For example, the apparatus distal end portion is pushed by applying a substantially longitudinal force to an apparatus proximal portion (for example, the proximal region of the apparatus described hereinabove) longitudinally opposed to the apparatus distal end portion. In another example, the apparatus distal end portion is pushed directly, for example using a motor or any other actuator coupled to the apparatus distal end portion.

It should be noted that while embodiments of the apparatus described hereinabove are usable to perform the method 500, in other embodiments of the invention, any suitable apparatus may be used.

Also, while in the method 500 the channel first portion 610 is created before the channel second portion 612, it is within the scope of the invention to create the channel second portion 612 before the channel first portion 610.

It has been found that the method embodied in FIGS. 5 and 6 leads to a new and unexpected result in which the channel 600 is created relatively easily and relatively safely through both the occlusion harder and softer portions 606 and 608 using the same apparatus, such as electrosurgical device 100. In addition, channel 600 may be created by an apparatus whose mechanical properties are substantially similar to those of standard mechanical guide-wires. Other advantages of the proposed methods have been mentioned hereinabove.

In some embodiments of the invention, the occlusion harder portion 606 has a hardness that is substantially too large to allow pushing the apparatus distal end portion through the occlusion harder portion 606 without delivering the energy into the occlusion harder portion 606. For example, it was found that when the occlusion harder portions 606 has a hardness such that a mechanical pressure of at least about 20 kg/cm2 is required to create a channel thereinto, conventional mechanical guide-wires are typically unusable to create the channel first portion 610. These embodiments of the present invention thus provide a means for traversing an occlusion that standard mechanical guide-wires may be unable to penetrate.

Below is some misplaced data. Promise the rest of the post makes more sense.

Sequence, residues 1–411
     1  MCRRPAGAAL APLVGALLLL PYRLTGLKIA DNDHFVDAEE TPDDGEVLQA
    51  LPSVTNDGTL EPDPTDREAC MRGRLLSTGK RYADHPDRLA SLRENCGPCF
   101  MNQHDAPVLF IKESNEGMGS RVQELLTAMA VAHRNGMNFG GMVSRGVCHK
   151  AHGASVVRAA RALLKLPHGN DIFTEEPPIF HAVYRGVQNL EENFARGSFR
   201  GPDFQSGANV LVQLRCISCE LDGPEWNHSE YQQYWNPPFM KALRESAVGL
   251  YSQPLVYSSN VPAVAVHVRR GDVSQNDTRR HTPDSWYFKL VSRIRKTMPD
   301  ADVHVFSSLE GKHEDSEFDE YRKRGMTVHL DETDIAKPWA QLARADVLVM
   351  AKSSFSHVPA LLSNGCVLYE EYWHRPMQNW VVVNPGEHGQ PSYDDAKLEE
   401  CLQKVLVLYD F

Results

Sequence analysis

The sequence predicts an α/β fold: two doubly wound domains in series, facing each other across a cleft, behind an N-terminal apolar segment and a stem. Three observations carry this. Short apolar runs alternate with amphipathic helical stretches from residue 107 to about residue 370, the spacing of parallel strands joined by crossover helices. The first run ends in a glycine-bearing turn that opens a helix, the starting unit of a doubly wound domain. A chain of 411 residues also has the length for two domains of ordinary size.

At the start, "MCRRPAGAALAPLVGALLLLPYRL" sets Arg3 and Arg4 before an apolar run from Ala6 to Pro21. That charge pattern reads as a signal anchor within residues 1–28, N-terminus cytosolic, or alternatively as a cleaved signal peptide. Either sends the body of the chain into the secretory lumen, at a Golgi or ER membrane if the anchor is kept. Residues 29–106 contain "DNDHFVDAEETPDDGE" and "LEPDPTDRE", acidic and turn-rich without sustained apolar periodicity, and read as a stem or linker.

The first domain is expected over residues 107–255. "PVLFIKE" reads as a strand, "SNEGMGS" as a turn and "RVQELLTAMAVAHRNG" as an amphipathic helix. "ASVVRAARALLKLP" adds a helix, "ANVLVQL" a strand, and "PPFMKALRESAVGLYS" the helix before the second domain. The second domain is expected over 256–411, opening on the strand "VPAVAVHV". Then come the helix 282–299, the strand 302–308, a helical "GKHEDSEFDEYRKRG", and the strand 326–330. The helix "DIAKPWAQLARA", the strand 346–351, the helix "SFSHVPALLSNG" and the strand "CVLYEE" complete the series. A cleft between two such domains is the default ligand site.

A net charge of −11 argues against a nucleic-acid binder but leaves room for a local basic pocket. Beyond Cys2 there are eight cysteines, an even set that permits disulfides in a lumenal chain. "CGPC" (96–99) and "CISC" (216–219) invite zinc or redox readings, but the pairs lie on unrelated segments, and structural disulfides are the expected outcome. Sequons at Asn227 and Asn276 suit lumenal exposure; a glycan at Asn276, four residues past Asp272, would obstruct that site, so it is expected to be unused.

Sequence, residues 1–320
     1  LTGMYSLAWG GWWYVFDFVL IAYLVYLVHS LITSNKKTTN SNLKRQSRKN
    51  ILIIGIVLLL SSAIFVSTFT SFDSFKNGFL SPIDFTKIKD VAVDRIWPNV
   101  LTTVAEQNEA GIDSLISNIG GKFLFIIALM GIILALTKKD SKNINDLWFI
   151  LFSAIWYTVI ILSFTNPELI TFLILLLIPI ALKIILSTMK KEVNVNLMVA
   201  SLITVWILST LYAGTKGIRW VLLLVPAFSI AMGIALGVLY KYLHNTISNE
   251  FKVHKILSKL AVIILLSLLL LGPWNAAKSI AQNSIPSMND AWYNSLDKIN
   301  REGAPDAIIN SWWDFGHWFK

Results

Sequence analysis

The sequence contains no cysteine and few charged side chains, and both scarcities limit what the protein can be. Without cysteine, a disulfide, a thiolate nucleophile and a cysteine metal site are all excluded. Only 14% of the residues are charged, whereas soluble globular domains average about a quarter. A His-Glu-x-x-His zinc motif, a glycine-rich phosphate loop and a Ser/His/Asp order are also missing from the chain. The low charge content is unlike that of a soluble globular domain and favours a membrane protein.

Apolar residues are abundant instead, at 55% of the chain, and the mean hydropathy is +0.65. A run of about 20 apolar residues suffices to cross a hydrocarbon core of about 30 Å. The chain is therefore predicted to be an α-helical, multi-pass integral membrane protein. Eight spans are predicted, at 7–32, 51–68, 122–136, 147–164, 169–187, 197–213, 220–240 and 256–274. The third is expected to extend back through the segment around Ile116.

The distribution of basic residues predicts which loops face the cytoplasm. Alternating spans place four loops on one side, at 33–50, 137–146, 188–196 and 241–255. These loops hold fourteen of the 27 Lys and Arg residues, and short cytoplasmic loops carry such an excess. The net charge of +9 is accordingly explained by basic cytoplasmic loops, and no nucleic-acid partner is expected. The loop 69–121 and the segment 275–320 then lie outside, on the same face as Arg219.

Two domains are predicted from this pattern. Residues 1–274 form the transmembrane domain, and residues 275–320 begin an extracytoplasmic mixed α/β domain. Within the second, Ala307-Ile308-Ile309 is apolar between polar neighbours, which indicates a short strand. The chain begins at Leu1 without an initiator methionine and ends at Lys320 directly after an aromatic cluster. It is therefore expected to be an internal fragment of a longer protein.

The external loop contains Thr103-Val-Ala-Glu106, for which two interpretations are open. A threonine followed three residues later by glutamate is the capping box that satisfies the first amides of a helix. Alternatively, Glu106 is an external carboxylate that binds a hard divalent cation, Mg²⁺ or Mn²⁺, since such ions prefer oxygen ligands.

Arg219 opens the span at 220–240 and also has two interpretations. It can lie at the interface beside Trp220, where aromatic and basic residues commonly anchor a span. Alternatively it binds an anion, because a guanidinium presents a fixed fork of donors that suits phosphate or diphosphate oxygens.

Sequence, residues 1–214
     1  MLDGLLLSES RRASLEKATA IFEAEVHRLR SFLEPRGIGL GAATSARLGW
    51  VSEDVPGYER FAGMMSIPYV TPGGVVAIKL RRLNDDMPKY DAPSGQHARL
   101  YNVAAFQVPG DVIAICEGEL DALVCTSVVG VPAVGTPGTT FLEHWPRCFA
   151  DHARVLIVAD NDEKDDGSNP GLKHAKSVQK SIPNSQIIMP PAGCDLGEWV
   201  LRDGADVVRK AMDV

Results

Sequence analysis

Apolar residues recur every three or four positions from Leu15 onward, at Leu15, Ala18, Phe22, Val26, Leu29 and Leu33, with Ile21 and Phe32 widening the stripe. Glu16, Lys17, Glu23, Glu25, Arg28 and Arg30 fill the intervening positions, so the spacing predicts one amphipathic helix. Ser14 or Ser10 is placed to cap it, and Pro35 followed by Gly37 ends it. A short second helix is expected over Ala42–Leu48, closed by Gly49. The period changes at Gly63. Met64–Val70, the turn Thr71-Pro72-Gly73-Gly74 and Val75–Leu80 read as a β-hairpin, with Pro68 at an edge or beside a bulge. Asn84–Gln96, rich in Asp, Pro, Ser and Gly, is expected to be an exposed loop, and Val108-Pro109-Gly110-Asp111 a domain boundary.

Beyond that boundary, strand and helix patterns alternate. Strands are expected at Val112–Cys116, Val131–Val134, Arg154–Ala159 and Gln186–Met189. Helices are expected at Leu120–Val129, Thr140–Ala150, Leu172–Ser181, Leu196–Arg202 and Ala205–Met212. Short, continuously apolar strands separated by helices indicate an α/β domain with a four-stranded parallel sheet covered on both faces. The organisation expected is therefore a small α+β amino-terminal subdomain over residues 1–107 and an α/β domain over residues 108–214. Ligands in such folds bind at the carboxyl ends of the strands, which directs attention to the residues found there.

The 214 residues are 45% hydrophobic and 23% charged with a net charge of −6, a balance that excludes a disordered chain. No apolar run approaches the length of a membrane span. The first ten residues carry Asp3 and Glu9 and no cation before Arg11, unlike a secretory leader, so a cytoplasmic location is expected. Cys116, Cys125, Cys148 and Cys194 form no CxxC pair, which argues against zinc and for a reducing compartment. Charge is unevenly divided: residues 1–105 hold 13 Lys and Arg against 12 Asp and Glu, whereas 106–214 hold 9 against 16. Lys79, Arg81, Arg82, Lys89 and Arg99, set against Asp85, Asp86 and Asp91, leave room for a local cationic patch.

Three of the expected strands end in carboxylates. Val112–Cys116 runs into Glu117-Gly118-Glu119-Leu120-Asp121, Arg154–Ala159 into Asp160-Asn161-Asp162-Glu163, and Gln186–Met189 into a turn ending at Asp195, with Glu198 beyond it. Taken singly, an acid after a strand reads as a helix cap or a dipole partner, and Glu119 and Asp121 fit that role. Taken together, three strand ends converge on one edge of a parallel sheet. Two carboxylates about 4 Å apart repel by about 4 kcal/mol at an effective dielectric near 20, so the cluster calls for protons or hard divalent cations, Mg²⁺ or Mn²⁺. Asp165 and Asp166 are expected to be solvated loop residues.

In some embodiments of the invention, step 520 is performed as follows. First, a channel first portion first segment 614 is created through the occlusion harder portion 606 while delivering the energy into the occlusion harder portion 606 and the apparatus distal end portion is advanced through the channel first portion first segment 614. The advancement of the apparatus distal end portion may be simultaneous with or subsequent to the delivery of energy. When the channel first portion first segment 614 has been created, the delivery of energy is stopped. Afterwards, a user of the channel creating apparatus may attempt to push the apparatus distal end portion through the occlusion 602 substantially without delivering energy via the energy delivery component such as electrode tip 112. Upon the apparatus distal end portion being unable to be pushed through the occlusion 602 after having created the channel first portion first segment 614, a channel first portion second segment 616 extending from the channel first portion first segment 614 is created similarly to the channel first portion first segment 614. If required, additional segments of the channel first portion 610 are also similarly created. If the apparatus distal end portion can be pushed through the occlusion 602, the creation of the channel 600 continues as described with respect to the creation of the channel second portion 612.